directed by Tony Scott with Robert Redford and Brad Pitt opens Nov. 21 at Majestic Bay, Meridian, Metro, Oak Tree, and others
DURING THE LAST Bush administration, we meet CIA agent Nathan Muir, who's still driving a Porsche 911 dating from the Nixon years. No wonder he's one day from retirement, packing up a messy office that represents "all this history," as a younger superior sneers. Indeed, his tweed jacket and retro eyeglasses immediately signal that Muir (Robert Redford) is a man out of time now that the Cold War's over.
Equally out of step with the cynical era, several time zones removed, is his idealistic former prot駩, Tom Bishop (Brad Pitt), whom we see in a tense pre-credit Chinese prison rescue mission gone bad—leading to his own imprisonment and death sentence. In Spy Game's heavily flashback-dependent plot, we learn how the young spy once disregarded Muir's advice—don't get emotionally involved with the "assets," or people, you're using—with fatal consequences. All this tedious exposition comes within Game's 1991 framing story as Muir undergoes an endless CIA debriefing on Bishop (a "rogue," he's branded). Though estranged for six years from his old student-assassin, Muir gradually reconsiders his old avowals not to save Bishop's renegade ass.
Taking a cue from Traffic, Tony Scott renders Game's different episodes and periods in color-coded, film-stock-manipulated hues. Thus we see the two men meet in 1975 Vietnam (sepia), assume a mentor-pupil relationship in 1976 West Germany (smoky gray), then come to a crisis in 1985 Beirut (yellow-brown). Poor Bishop awaits death back in China (inky black), while Muir prowls the corridors of CIA HQ (cool blue).
The effect is like watching five different abridged movies clumsily woven together (Scott is no Soderbergh). Game attempts to create urgency with a 24-hour execution countdown, but the picture is fundamentally a yakfest with lots of paperwork, self-important cell phone calls, and vital faxes. Like Kevin Spacey's interrogation in The Usual Suspects, Muir is stalling for time, outwitting his questioners with feigned ignorance, and spinning an enjoyable diversionary yarn.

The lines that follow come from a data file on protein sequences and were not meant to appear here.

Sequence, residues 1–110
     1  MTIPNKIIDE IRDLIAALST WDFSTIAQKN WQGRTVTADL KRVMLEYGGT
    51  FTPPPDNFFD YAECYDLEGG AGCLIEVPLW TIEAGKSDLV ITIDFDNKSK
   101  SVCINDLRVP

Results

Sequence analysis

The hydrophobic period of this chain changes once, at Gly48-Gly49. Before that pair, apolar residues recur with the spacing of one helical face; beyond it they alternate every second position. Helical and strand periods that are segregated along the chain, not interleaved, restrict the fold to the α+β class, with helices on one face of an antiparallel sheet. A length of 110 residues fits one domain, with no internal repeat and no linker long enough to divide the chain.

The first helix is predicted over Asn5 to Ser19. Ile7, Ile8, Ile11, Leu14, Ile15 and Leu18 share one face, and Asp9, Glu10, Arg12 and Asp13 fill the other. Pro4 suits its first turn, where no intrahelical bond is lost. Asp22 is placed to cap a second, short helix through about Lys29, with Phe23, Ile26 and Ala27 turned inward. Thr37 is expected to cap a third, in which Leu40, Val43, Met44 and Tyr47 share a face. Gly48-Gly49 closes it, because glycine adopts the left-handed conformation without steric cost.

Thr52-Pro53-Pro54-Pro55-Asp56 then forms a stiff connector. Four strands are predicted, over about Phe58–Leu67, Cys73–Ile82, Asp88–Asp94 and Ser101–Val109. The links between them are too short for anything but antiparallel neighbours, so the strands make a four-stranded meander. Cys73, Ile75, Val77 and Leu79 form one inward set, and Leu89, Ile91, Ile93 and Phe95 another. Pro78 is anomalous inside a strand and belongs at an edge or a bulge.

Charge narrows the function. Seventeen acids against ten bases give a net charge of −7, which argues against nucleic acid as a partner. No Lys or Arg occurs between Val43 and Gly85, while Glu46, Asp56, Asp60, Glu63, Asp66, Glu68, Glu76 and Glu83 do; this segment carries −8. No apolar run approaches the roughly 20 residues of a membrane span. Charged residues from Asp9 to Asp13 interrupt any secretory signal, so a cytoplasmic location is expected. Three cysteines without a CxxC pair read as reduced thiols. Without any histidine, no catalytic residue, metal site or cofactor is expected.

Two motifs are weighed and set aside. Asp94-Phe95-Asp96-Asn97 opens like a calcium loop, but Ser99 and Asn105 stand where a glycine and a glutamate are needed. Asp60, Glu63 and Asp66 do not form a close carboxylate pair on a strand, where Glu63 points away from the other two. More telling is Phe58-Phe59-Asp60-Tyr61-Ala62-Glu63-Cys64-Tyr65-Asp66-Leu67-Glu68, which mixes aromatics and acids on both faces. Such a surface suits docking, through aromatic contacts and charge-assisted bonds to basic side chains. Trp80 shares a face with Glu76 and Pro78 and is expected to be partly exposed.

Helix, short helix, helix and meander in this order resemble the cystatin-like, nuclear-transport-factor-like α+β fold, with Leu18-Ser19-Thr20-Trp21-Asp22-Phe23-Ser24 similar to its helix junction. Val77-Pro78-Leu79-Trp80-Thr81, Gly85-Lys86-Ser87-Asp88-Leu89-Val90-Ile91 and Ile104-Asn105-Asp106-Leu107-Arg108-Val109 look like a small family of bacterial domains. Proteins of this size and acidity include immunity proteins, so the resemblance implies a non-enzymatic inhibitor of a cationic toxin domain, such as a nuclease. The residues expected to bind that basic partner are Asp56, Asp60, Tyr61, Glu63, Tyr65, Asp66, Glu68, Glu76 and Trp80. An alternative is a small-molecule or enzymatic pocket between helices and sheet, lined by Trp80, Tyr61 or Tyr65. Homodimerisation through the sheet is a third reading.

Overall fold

WE'D ENJOY IT more, however, if Redford and Pitt shared more screen time together. Game is at its best as a love story between two spooks, as Muir woos and recruits Bishop to the agency. ("He was a natural," Muir recalls fondly.) The inevitable third leg of a romantic triangle is Bishop's Beirut love interest, played by Braveheart's Catherine McCormack. Muir, meanwhile, has only his secretary, Secrets and Lies' Marianne Jean-Baptiste, for female companionship. The movie's very much a guy thing in this regard, appropriate to the director of Top Gun and Crimson Tide but stripped of the earlier certainties of Scott's martial rectitude.
Instead, like his Enemy of the State, Game becomes a paranoid study of the system gone bad, as once-faithful Muir belatedly recognizes. "All this was about something, wasn't it?" he implores his boss. Not anymore. The teacher's disillusionment follows his acolyte's. For the elder, loyalty is his undoing; for the younger, it's love, but both men find themselves outmoded by the new world order.
Such global economic imperatives packaged Pitt and Redford together, of course, but Game's script doesn't support its marketing. Not half so smart or naughty as The Tailor of Panama, the movie wants to have it both ways—both glorifying and indicting our Cold War intelligence apparatus. Redford's likable, iconic presence recalls All the President's Men and Three Days of the Condor (particularly with the aviator sunglasses), only now he's on the establishment side. Pitt, a sneaky comic actor when so unleashed, here feels constrained by his square, rebellious role. (Scott over-photographs his big rooftop protest speech with ridiculous swirling helicopter grandiloquence.)
Basically a nostalgia picture, Game might've worked better by focusing on just one story and period—probably the '70s, when Redford and Scott feel most at home. (Surprisingly, Pitt looks right, too, with his shag haircut and vintage ski parka.) Scott piles on visual razzle-dazzle to obscure a talky, expository core, but the movie's just mother-daughter matinee material with hunky bigenerational casting. (Both leads keep their shirts on, ladies.) Game's finally like one of those ill-chosen duets—e.g. Bing Crosby and David Bowie—where the stodgy old song material prohibits any new musical direction. Appropriately, our heroes end up on the move—Muir triumphantly driving, Bishop bloodied but flying—without any idea where they're headed.